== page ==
## CryptoDB

#### Publications

Year
Venue
Title
2008
EPRINT
Multiple-point multiplication on elliptic curves is the highest computational complex operation in the elliptic curve cyptographic based digital signature schemes. We describe three algorithms for multiple-point multiplication on elliptic curves over prime and binary fields, based on the representations of two scalars, as sums of mixed powers of 2 and 3. Our approaches include sliding window mechanism and some precomputed values of points on the curve. A proof for formulae to calculate the number of double-based elements, doublings and triplings below 2^n is listed. Affine coordinates and Jacobian coordinates are considered in both prime fields and binary fields. We have achieved upto 24% of improvements in new algorithms for multiple-point multiplication.
2007
EPRINT
In the current work we propose two efficient formulas for computing the $5$-fold ($5P$) of an elliptic curve point $P$. One formula is for curves over finite fields of even characteristic and the other is for curves over prime fields. Double base number systems (DBNS) have been gainfully exploited to compute scalar multiplication efficiently in ECC. Using the proposed point quintupling formulas one can use 2,5 and 3,5 (besides 3,5) as bases of the double base number system. In the current work we propose a scalar multiplication algorithm, which expands the scalar using three bases 2, 3 and 5 and computes the scalar multiplication very efficiently. The proposed scheme is faster than all sequential scalar multiplication algorithms reported in literature.
2006
EPRINT
Elliptic (ECC) and hyperelliptic curve cryptosystems (HECC) have emerged as cryptosystems of choice for small handheld and mobile devices. A lot of research has been devoted to the secure and efficient implementation on these devices. As such devices come with very low amount of resources, efficient memory management is an important issue in all such implementations. HECC arithmetic is now generally performed using so called explicit formulae. In literature, there is no result which focuses on the exact memory requirement for implementation these formulae. This is the first work to report such minimal memory requirement. Also, in the work we have provided a general methodology for realization of explicit formulae with minimal number of registers. Applying such methodology this work settles the issue for some important explicit formula available in the literature. This is an attempt to experimentally solve a particular instance based on HECC explicit formulae of the so called Register Sufficiency Problem", which is an NP-complete problem.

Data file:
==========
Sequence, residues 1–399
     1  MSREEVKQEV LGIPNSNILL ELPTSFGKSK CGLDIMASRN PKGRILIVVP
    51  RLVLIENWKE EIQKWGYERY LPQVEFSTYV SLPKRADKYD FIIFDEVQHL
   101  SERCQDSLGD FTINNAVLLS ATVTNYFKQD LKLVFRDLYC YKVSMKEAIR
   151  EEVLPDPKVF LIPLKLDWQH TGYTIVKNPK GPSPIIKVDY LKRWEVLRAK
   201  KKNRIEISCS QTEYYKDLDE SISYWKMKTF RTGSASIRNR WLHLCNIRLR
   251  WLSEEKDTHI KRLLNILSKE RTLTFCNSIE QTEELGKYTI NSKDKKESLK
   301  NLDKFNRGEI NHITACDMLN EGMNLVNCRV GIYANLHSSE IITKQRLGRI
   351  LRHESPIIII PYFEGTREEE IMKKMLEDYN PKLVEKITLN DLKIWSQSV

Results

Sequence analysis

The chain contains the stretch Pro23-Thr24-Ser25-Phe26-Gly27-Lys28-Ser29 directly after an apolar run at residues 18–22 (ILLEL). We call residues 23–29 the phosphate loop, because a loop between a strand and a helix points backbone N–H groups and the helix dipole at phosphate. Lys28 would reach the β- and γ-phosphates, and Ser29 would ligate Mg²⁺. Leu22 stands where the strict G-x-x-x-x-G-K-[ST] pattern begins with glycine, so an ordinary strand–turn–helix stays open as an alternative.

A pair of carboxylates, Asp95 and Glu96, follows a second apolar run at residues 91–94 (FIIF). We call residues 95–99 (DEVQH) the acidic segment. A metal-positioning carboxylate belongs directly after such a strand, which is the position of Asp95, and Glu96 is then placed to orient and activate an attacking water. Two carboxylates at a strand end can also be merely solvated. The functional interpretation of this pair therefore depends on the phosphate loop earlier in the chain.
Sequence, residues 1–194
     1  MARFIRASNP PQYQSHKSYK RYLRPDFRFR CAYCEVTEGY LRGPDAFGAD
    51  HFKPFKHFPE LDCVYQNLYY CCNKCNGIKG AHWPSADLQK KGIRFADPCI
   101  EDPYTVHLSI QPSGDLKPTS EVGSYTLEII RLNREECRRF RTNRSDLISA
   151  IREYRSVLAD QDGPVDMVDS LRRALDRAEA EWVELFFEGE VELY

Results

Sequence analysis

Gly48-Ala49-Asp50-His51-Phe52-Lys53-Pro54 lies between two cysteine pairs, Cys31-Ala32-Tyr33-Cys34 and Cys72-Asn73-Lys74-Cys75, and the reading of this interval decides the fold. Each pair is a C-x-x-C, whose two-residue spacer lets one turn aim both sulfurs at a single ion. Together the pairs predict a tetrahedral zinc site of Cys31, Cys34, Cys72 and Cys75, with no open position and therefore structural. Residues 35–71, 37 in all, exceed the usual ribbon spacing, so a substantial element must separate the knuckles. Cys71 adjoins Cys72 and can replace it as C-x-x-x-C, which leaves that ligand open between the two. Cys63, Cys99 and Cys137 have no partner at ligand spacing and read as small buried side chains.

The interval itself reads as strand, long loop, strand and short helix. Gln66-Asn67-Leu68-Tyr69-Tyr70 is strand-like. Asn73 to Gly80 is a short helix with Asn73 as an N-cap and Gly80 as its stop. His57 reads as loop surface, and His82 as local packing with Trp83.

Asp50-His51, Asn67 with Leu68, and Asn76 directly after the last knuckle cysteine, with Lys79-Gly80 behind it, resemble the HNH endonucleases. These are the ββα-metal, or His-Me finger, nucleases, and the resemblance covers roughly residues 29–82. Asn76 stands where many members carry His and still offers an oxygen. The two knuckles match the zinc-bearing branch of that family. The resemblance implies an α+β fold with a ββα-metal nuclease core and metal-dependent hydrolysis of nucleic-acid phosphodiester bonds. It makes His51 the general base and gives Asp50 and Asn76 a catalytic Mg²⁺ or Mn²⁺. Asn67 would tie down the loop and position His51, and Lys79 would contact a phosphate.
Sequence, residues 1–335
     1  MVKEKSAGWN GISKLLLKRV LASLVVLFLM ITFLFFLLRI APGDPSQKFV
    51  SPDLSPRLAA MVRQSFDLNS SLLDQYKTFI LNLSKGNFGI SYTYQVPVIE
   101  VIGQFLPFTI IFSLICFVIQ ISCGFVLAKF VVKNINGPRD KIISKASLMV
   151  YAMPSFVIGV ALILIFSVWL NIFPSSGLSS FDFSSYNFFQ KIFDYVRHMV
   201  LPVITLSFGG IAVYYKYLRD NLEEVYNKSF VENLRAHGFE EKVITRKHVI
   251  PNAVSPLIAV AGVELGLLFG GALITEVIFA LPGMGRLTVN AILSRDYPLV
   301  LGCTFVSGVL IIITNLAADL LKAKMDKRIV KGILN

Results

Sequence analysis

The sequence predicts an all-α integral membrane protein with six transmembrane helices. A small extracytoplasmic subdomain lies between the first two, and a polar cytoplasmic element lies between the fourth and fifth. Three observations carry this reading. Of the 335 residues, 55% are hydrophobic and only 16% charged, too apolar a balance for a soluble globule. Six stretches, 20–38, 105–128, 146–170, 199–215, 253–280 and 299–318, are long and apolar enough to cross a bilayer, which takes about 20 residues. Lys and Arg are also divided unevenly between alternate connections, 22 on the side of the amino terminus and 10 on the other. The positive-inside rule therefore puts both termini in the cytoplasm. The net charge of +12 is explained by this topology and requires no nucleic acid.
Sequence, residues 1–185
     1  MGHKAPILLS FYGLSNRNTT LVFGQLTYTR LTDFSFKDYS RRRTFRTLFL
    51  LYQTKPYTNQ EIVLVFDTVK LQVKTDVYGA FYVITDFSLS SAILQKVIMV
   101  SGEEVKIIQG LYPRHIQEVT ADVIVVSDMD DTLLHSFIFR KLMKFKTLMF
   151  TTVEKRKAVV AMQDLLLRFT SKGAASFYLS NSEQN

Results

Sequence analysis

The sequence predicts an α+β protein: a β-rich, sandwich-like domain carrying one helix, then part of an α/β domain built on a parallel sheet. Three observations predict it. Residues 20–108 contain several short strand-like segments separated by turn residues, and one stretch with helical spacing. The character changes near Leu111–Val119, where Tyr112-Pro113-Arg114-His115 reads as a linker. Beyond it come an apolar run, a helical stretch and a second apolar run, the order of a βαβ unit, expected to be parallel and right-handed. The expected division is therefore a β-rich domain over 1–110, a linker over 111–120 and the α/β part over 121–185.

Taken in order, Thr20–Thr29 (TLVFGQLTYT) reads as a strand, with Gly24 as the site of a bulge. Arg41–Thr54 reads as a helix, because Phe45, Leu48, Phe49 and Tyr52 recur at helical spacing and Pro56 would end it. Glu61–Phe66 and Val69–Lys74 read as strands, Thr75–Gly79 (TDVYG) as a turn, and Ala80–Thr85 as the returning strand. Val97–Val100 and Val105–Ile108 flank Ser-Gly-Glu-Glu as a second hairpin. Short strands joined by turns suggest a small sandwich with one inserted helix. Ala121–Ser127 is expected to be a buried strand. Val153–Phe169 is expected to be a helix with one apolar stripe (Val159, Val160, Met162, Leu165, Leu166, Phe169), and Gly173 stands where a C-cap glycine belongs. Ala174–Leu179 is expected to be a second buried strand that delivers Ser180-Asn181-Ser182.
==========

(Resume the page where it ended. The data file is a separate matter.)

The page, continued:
2005
ASIACRYPT
2005
EPRINT
Elliptic Curves over finite field have found application in many areas including cryptography. In the current article we define a metric on the set of elliptic curves defined over a prime field ${\mathbf F}_p, p>3$.
2005
EPRINT
Among the various arithmetic operations required in implementing public key cryptographic algorithms, the elliptic curve point multiplication has probably received the maximum attention from the research community in the last decade. Many methods for efficient and secure implementation of point multiplication have been proposed. The efficiency of these methods mainly depends on the representation one uses for the scalar multiplier. In the current work we propose an efficient algorithm based on the so-called double-base number system. We introduce the new concept of double-base chains which, if manipulated with care, can significantly reduce the complexity of scalar multiplication on elliptic curves. Besides we have adopted some other measures to further reduce the operation count. Our algorithm compares favorably against classical and other similar approaches.